Our lungs keep us alive. They do this by carrying out the exchange of oxygen–which is necessary for life–with carbon dioxide, a waste product produced by our body. They’re a pair of pyramid-shaped organs that are connected to our windpipe via the right and left bronchi, which function to carry air to and from the lungs. Though our lungs come in a pair, they’re asymmetrical: the right is wider and shorter than the left; the left lung occupies a smaller volume.
The blood that circulates in our lungs is what facilitates the exchange of oxygen and carbon dioxide gas. Oxygen is required for virtually everything we do, and, as previously mentioned, carbon dioxide is formed as a waste byproduct that we need to get rid of.
As with other organs, cancer can develop in the lungs. Sadly, lung cancer is the leading cause of cancer-related deaths in both genders. Every year, more individuals die from lung cancer than from breast, prostate, and colon cancers combined. According to the American Cancer Society, lung cancer is the second most common cancer in both women and men (excluding skin cancer). The best way to improve the likelihood you’ll successfully beat lung cancer is to detect it early.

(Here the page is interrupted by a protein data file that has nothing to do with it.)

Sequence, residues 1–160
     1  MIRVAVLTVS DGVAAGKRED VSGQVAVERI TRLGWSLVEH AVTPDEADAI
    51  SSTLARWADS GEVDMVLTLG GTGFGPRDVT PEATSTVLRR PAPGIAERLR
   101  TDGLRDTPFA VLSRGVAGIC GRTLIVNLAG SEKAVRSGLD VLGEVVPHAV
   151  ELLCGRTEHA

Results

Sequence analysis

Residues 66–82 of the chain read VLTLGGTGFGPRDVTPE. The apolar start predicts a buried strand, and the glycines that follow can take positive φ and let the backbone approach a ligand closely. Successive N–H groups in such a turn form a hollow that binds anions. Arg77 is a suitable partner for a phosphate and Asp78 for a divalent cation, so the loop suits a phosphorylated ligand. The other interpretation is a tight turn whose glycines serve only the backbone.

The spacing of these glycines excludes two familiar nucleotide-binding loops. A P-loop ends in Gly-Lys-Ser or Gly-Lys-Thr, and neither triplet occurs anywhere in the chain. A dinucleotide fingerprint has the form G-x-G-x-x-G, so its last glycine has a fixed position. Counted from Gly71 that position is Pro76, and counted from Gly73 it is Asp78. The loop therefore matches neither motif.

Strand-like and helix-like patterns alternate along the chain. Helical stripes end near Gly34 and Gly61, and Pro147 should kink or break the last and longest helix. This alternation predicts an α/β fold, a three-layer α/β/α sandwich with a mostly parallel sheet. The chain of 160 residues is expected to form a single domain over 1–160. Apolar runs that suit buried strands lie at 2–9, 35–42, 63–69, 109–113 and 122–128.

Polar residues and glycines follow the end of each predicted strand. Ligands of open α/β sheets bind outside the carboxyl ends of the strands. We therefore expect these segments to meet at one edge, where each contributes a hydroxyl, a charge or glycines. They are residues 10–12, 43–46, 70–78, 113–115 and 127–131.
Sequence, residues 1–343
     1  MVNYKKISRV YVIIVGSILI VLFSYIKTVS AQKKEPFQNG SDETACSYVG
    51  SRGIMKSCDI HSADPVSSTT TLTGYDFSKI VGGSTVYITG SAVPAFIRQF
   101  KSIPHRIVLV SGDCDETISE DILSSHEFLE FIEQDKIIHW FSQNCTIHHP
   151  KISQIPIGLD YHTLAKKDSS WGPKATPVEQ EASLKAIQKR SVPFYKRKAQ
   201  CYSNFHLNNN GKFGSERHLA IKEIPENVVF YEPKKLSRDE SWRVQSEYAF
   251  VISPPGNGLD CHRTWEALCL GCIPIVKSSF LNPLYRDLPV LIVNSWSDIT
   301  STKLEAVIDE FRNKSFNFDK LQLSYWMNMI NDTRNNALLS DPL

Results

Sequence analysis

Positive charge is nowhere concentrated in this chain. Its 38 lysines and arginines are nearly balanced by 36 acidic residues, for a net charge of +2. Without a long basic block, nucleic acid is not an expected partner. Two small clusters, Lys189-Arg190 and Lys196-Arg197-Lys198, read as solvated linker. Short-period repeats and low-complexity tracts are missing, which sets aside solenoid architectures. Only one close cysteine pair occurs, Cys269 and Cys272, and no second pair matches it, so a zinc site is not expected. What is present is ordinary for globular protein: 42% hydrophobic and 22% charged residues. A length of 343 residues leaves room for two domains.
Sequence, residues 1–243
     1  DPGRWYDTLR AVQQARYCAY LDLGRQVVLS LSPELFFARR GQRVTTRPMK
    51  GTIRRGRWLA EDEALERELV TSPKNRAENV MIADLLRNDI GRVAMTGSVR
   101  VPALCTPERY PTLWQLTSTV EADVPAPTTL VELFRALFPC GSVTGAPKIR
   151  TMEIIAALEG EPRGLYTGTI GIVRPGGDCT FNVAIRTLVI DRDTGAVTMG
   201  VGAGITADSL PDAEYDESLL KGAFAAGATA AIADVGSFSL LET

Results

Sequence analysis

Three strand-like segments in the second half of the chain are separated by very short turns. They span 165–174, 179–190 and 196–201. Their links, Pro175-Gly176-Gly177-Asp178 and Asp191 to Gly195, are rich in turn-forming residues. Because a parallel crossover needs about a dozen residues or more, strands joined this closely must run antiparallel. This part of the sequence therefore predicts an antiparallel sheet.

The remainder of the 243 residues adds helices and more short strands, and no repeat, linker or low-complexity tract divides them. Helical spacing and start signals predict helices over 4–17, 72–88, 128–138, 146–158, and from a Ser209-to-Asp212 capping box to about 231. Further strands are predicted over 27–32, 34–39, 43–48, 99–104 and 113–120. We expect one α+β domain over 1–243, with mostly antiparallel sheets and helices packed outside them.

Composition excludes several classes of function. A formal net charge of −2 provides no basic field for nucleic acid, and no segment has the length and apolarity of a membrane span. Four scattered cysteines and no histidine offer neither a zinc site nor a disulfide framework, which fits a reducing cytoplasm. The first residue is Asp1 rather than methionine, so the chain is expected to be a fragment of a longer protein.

Your chances of surviving non-small cell lung cancer–its most common iteration–at least five years increase by 54% if you catch the disease before it has metastasized beyond the lungs.
On the other hand, benign lung tumors can also form in the lung. Benign lung tumors aren’t cancerous, and therefore won’t spread to other body parts. They generally grow slowly, but sometimes stop growing or may even shrink. They usually don’t require removal or any sort of treatment, and aren’t life-threatening. While they could grow and press upon neighboring tissue, they won’t invade, eradicate, or replace it.
Benign lung tumors come in a variety of forms, including Papilloma and Hamartoma. If they’re 3 centimeters or smaller, they’re usually referred to as pulmonary nodules instead. They’re referred to as a mass if they’re larger than 3 centimeters.
Pulmonary nodules pop up in about one in every 200 chest X-rays and most chest CTs; 60% or more of those found in X-rays are benign, while 99% of those caught in CTs are benign. In fact, pulmonary nodules are found much more frequently than benign lung tumors and lung cancers.
Benign lung tumors are generally asymptomatic, with over 90% found by chance while someone is receiving a CT scan or X-ray for another purpose. Should symptoms pop up, they may include:
- Lung tissue collapse
- Coughing up blood
- Rattling sounds in the lungs
- Persistent wheezing or coughing
- Shortness of breath
- A higher likelihood of developing pneumonia
Should you present with any of the above symptoms, it’s important to contact your doctor as soon as possible.